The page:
Improving access to microfinance in Chile: Lessons from a strong collaboration with Fondo Esperanza
This year marks the four-year anniversary of a close collaboration between Fondo Esperanza, the largest Chilean microfinance institution with twenty years of experience, and J-PAL affiliates Natalia Rigol, Benjamin Roth, and their research team. J-PAL Latin America and the Caribbean (LAC) has supported the implementation of the research since the start of this promising and enduring partnership.
Natalia and Benjamin recently published the first working paper resulting from this collaboration, which focuses on identifying and proposing a solution to why few borrowers “graduate” from rigid starter loans to more flexible loans over time.
Since 2018, the fruitful collaboration has included studies on the impacts of an emergency credit launched at the start of the Covid-19 lockdown; whether there are contagion effects to defaulting on credits; and the development of a new, personalized, and flexible credit instrument; as well as use of administrative data to dive more deeply into outstanding policy and program questions.
Experimenting to learn
In their first randomized evaluation with Fondo Esperanza, the J-PAL affiliates tried to understand the extent to which internal processes within a microfinance organization may hinder opportunities for clients to access better loan products.
When this evaluation began, Fondo Esperanza offered two main products: (1) a joint-liability loan; or (2) an individual-liability “graduation” loan. The first product consisted of lending small amounts of money to groups of borrowers. Each member was jointly liable for the other members' loans. The second product was a larger, individual loan. A borrower’s “graduation,” or the process of migrating from joint-liability loans to individual loans, depended on a loan officer’s recommendation.
The researchers suspected that the incentive structure for the officers might be affecting low loan “graduation” rates. Each loan officer received compensation based on the number of clients and the amount of risk in their portfolio. Some loan officers might be reluctant to recommend borrowers to graduate, because that would imply losing a good client from their portfolio as the client transitioned to a different loan officer. This meant that there were potentially suitable candidates for individual credit who were not graduating because of the negative incentives loan officers had for facilitating this process.
With this in mind, the team calculated the losses and gains that the institution could face based on differing incentives schemes for loan officers, and also tested a new incentive proposal. They found that changing the incentives increased the amount and, importantly, the quality of graduation recommendations, enabling more borrowers to access individual credit.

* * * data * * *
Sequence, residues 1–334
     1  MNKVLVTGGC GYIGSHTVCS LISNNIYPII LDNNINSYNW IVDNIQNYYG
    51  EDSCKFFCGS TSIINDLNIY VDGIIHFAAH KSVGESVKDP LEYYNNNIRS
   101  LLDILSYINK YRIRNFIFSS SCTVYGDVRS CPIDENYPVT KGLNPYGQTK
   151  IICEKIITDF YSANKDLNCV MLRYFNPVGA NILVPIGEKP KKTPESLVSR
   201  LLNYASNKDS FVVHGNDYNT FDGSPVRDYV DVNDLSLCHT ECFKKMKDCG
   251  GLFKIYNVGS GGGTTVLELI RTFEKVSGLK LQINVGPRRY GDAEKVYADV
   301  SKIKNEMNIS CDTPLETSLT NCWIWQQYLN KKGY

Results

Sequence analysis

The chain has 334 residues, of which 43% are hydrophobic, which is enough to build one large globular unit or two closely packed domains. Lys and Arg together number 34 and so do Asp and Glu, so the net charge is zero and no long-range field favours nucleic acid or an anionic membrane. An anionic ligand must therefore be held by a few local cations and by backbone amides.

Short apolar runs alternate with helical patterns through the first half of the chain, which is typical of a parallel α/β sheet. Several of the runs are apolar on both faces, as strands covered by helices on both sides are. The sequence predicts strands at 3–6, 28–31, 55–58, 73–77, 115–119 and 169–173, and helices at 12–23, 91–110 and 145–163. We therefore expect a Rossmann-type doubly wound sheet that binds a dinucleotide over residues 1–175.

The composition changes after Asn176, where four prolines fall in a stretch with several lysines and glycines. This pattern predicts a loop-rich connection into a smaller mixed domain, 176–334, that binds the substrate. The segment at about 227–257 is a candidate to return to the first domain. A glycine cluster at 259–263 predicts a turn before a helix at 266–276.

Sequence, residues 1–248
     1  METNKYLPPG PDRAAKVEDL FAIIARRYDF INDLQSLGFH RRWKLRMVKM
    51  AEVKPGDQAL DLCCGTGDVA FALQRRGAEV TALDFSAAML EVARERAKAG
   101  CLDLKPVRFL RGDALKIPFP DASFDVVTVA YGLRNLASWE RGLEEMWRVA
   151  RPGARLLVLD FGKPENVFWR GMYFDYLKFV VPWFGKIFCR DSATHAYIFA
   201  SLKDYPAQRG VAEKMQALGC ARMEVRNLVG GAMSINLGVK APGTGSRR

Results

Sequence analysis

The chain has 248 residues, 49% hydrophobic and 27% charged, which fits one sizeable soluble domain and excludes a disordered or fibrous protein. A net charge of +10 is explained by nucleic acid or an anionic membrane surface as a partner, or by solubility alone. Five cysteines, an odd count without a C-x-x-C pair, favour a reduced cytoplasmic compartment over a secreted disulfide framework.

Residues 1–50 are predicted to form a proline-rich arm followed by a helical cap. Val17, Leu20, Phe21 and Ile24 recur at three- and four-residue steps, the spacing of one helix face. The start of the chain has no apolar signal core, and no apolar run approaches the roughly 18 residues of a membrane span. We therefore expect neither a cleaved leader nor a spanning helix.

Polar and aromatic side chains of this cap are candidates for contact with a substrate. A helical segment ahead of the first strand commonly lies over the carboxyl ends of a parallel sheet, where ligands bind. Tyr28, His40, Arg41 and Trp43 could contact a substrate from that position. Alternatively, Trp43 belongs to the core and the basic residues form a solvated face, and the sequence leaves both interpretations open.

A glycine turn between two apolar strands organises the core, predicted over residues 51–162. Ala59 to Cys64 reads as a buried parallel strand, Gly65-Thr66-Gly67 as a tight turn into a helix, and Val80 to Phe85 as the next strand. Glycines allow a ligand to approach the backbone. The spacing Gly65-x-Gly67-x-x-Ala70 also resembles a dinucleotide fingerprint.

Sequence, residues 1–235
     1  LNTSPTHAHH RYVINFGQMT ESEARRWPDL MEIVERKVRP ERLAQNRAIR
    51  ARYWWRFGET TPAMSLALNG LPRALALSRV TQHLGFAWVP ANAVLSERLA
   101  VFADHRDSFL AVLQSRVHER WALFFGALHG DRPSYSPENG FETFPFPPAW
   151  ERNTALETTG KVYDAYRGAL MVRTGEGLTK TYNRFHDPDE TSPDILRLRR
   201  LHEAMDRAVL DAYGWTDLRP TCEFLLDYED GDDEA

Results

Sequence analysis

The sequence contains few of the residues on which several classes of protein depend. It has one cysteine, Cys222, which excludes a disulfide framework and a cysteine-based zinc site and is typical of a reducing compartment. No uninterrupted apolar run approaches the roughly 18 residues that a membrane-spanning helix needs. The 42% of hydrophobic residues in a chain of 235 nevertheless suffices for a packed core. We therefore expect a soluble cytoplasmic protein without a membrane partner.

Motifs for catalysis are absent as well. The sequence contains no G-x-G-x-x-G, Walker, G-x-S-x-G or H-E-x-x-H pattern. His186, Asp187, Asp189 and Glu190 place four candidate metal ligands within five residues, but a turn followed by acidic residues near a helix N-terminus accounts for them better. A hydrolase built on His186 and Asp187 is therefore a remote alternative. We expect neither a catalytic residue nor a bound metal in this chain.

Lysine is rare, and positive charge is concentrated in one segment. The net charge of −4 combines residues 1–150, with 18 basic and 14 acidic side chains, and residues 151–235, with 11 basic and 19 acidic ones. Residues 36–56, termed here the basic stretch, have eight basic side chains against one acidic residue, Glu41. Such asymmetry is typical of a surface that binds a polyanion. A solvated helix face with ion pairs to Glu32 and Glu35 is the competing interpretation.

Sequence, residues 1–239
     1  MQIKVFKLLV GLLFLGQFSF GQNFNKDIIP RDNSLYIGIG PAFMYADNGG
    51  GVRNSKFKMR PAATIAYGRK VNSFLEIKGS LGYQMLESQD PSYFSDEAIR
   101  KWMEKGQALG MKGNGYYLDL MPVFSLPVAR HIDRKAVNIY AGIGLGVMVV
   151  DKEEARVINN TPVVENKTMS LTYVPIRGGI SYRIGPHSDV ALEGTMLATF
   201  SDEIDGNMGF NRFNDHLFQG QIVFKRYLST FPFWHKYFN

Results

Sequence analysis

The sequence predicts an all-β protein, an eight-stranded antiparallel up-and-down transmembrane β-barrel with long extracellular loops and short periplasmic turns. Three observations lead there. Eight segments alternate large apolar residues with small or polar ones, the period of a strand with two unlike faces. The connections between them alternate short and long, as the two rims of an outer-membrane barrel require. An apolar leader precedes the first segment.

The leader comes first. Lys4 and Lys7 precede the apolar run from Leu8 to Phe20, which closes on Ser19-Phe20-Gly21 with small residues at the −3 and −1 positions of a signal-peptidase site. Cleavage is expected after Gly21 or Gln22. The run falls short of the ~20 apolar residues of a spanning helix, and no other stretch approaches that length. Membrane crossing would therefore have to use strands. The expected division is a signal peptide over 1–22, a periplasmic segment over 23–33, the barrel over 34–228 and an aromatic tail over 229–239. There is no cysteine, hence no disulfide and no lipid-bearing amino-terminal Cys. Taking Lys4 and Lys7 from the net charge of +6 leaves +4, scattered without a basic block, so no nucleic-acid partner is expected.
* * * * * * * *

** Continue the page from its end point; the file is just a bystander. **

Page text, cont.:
Evaluating new kinds of credit products
Adapting to new scenarios
During the Covid-19 lockdown, Fondo Esperanza proposed the team study the impacts of an emergency credit product launched in April 2020 to provide support to borrowers while payments and other credits were frozen. This evaluation is important, since there is little known about the impact of credits and other measures specifically designed for crisis situations. The results, which are forthcoming, could help researchers and practitioners understand the best way to support entrepreneurs during crises.
Proposing new solutions
The research team also proposed to evaluate a new flexible credit product, which Fondo Esperanza and the team are developing together. After completing a pilot, they are currently in the planning stages for a top-up credit product in which borrowers can customize the amount from a wide range of options, as well as choose their payment frequency, length of the credit cycle, and possibly grace periods.
J-PAL LAC's role in this collaboration was largely in facilitating communication and engagement between the parties involved and in providing support for research implementation.
The team states that one of the most enriching aspects of this research collaboration is Fondo Esperanza’s eagerness to include the research team in their various questions on impact, and their openness to developing and testing new products and procedures. This innovative, open-minded approach to research and learning has been critical to the success of the partnership.
Their work has evolved to include multiple randomized evaluations, the development of new products and services, and the use of new administrative data that started being collected early in the pandemic. In addition, several rounds of qualitative interviews with many actors, such as borrowers and loan officers, generated learnings that led to improved intervention design and analyses.
These evaluations and their results have helped Fondo Esperanza learn about the impacts of their design and service decisions on microentrepreneurs and their businesses and households. This equipped them to make the changes necessary to make a positive social impact while maintaining a profitable and sustainable business model: focusing more resources on effective products, opening eligibility requirements as a result of improved screening, and offering more diverse products that better meet the needs of businesses.
The collaboration is also contributing to the academic literature, helping researchers better understand key questions about the microfinance sector. For example, the Covid-19 credit evaluation provides insights on suitable ways to support microentrepreneurs during crises.
This close collaboration and dedication between J-PAL affiliates and Fondo Esperanza highlight a shared belief in the power of scientific evidence to understand what really works in the fight against poverty. If you are interested in establishing a collaboration with J-PAL LAC, please contact us at [email protected].